During my time as a visiting fellow at the Danube Institute, a Hungarian think tank, I had the opportunity to interact with a number of Hungarian political leaders including the prime minister, and to discover what is certainly the world’s most important and most controversial experiment in Christian Democracy.
President Biden’s latest executive order calls for extensive research on digital assets and may usher in a U.S. central bank digital currency (CBDC), eventually allowing individuals to maintain accounts with the Federal Reserve. Other central banks are already on the job. The People’s Bank of China began piloting a digital renminbi in April 2021. India’s Reserve Bank intends to launch a digital rupee as early as this year.
A CBDC may upgrade the physical cash the Federal Reserve already issues — but only if its designers appreciate the value of financial privacy.
Cash is a 7th century technology, with obvious drawbacks today. It pays no interest, is less secure than a bank deposit, and is difficult to insure against loss or theft. It is unwieldy for large transactions, and also requires those transacting to be at the same place at the same time — a big problem in an increasingly digital world.
The last 14 months have offered one of the rare occasions in recent American history when the hard Left has operated all the levers of federal government. The presidency, the House of Representatives, the Senate, and the permanent bureaucratic state are all in progressive hands. And the result is a disaster that is uniting Americans in their revulsion of elitists whose crazy ideas are tearing apart the fabric of the country.
For understandable reasons, socialists and leftists are usually kept out of the inner circles of the Democratic Party, and especially kept away from control of the country. A now resuscitated Bernie Sanders for most of his political career was an inert outlier. The brief flirtations with old-style hardcore liberals such as George McGovern in 1972 and Mike Dukakis in 1988 imploded the Democratic Party. Their crash-and-burn campaigns were followed by corrective nominees who actually won the presidency: Southern governors Jimmy Carter and Bill Clinton.
Such was the nation’s innate distrust of the Left, and in particular the East Coast elite liberal. For nearly half a century between the elections of John F. Kennedy and Barack Obama, it was assumed that no Democratic presidential candidate could win the popular vote unless he had a reassuring Southern accent.
The Secret Service is paying over $30,000 a month to rent a Malibu mansion to provide security for President Biden’s son Hunter Biden, according to a news report Monday.
The agency tasked with protecting the president and his family have been renting the house close Hunter’s close to $20,000 a month Malibu property for close to a year, according to ABC News.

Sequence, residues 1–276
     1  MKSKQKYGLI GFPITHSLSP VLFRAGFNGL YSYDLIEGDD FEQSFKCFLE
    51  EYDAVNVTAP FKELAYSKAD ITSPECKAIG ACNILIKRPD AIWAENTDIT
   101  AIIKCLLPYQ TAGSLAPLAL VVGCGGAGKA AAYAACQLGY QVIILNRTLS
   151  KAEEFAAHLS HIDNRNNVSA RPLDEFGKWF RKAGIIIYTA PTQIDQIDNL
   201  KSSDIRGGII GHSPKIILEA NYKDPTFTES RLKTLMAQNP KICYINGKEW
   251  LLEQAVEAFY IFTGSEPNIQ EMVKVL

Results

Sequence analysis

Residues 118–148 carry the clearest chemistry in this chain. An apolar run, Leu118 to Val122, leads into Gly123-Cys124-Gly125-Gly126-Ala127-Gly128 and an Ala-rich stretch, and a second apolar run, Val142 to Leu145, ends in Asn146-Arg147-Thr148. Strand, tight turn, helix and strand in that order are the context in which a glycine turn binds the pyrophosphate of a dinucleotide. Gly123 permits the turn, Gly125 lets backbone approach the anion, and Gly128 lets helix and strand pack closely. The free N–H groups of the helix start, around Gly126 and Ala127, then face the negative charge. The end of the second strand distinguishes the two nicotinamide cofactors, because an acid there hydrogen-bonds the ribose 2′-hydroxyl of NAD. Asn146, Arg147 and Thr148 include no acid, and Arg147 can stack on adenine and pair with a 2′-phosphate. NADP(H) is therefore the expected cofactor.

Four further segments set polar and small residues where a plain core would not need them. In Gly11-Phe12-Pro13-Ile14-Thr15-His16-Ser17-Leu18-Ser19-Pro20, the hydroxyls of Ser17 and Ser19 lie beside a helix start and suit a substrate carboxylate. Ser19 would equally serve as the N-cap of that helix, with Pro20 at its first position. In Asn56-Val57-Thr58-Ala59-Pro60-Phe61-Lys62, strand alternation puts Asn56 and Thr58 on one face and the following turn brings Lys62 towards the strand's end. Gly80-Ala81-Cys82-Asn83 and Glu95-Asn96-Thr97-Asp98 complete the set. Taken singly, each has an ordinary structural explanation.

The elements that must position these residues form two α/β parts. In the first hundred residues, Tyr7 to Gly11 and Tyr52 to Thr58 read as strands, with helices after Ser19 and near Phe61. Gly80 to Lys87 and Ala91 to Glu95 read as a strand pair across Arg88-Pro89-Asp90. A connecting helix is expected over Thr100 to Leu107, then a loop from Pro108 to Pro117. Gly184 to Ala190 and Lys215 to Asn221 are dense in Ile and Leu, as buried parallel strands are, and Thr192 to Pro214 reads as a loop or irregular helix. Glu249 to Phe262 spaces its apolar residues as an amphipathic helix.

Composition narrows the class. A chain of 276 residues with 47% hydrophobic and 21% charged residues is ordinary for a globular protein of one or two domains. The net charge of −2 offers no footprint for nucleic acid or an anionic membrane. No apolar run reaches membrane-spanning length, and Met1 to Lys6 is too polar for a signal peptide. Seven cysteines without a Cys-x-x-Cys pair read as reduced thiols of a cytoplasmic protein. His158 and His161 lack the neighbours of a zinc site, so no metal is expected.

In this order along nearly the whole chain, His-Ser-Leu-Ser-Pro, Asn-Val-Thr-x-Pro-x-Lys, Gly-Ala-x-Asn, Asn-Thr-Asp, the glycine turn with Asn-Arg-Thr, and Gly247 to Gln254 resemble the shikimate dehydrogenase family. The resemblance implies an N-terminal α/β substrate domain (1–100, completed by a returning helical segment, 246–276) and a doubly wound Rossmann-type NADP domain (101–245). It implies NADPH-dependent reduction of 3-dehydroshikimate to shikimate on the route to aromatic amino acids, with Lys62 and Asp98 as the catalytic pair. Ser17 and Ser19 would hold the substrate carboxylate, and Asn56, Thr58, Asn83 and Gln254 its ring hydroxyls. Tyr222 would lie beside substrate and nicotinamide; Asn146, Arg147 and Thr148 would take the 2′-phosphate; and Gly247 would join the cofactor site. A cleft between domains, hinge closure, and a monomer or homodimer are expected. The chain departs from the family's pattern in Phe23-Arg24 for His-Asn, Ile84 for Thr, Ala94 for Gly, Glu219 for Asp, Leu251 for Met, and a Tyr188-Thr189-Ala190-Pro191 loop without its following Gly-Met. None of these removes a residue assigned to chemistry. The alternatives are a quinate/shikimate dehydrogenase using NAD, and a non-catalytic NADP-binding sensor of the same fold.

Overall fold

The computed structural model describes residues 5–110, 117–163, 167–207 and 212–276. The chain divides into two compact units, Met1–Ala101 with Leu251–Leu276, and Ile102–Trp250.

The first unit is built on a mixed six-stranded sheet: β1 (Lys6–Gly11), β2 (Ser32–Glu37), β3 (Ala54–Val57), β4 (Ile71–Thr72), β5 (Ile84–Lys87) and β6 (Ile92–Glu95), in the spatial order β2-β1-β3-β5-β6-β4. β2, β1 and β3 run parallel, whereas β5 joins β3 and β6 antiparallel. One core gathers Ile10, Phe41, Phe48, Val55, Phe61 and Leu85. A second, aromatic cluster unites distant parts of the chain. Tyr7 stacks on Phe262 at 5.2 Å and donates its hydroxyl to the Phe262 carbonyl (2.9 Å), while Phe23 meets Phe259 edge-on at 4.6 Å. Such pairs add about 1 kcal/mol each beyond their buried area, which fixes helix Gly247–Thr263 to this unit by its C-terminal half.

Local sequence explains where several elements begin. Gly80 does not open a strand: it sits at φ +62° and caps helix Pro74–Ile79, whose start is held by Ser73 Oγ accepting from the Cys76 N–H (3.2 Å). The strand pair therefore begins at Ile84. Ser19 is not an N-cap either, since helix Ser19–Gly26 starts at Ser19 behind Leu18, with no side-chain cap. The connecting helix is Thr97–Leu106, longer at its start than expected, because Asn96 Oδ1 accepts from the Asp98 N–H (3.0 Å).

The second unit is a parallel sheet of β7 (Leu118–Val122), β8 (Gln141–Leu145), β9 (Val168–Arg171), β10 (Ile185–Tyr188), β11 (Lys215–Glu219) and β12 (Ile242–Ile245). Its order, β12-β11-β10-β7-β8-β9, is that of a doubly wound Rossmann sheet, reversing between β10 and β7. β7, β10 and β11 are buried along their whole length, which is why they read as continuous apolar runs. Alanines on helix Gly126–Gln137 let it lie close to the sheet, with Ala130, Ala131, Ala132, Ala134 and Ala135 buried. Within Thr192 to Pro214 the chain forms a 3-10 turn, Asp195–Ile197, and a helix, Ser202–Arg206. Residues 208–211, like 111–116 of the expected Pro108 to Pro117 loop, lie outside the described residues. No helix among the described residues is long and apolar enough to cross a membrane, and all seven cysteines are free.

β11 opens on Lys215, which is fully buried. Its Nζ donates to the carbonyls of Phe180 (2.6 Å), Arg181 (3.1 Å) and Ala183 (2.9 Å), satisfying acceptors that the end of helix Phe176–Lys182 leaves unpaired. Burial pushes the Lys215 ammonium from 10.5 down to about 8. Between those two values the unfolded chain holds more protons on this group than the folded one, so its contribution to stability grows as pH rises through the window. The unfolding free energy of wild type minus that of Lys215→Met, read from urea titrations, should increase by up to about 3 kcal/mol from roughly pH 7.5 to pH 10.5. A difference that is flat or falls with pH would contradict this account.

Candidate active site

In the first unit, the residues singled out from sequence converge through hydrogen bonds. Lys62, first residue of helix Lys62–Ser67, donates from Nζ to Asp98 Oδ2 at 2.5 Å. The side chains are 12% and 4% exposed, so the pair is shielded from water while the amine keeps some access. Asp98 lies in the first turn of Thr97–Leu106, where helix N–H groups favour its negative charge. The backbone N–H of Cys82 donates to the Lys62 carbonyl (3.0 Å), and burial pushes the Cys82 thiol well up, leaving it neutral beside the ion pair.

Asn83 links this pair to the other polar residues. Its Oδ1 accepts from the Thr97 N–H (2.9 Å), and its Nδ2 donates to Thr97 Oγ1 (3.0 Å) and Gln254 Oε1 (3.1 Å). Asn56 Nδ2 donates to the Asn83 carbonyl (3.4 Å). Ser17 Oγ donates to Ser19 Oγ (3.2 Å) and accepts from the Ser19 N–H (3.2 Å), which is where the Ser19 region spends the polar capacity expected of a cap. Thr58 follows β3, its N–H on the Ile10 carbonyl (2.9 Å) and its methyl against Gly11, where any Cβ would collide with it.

Don Mihalek, a current ABC News contributor and former senior Secret Service agent, said that the exorbitant rental figure is merely “the cost of doing business for the Secret Service.”
Gov. Gretchen Whitmer vetoed two bills that aimed to keep voter roll lists updated – a security risk flagged by the state auditor in 2019.
House Bill 4127 and House Bill 4128 aimed to require the Secretary of State to send notices to registered electors with an unknown date of birth in the Qualified Voter File and to those who haven’t voted since the 2000 general election, within 90 days of the bill’s effective date.
That registered elector would have to sign the notice, add a date of birth, and mail back a copy of an original birth certificate, current driver’s license, or state personal ID card.
Over a decade ago, a convicted child rapist was given a light sentence by Joe Biden’s Supreme Court nominee Ketanji Brown Jackson, only to commit another crime after his sentencing.
According to the New York Post, Leo Weekes was convicted in 2010 of raping his 13-year-old niece in 2006. He was sentenced to serve 16 months in jail, plus 4 years of supervised probation, and was ordered to register as a sex offender for the next 10 years. Weekes subsequently failed to register and evaded authorities by lying about his residence, claiming in 2013 to be in Washington D.C. when he in fact lived in Temple Hills, Maryland.
In February of 2014, Weekes was brought before Brown, who was then U.S. District Court Judge of the District of Columbia, after pleading guilty to the charge of failing to register as a sex offender. The prosecutors requested that Weekes be sentenced to two years in jail with an additional five years of supervised release, while his defense attorneys requested a sentence of 10 months and three years of supervised release.
Tesla CEO Elon Musk, who has questioned Twitter’s commitment to free speech, has taken a 9% stake in the social media platform, making him its largest shareholder.
Musk bought 73.5 million shares worth $2.9 billion, based on the closing price Friday, the Associated Press reported Monday.
However, what Musk intends to do as a result of the purchase remains unclear.
As inflation soars to 40-year highs, Connecticut lawmakers are considering a package of bills that could bring changes to the manner property and income taxes are calculated in the future.
This legislative session, the General Assembly is considering House Bill 5487, which could increase thresholds for the state’s property tax credit and eliminate some of the eligibility restrictions that are in place.
Also on the Legislature’s radar this session is House Bill 5489, which calls for inflation indexing the personal income tax, and House Bill 5490, which would establish a personal income tax deduction on rent paid, so long as the person’s primary residence is in Connecticut.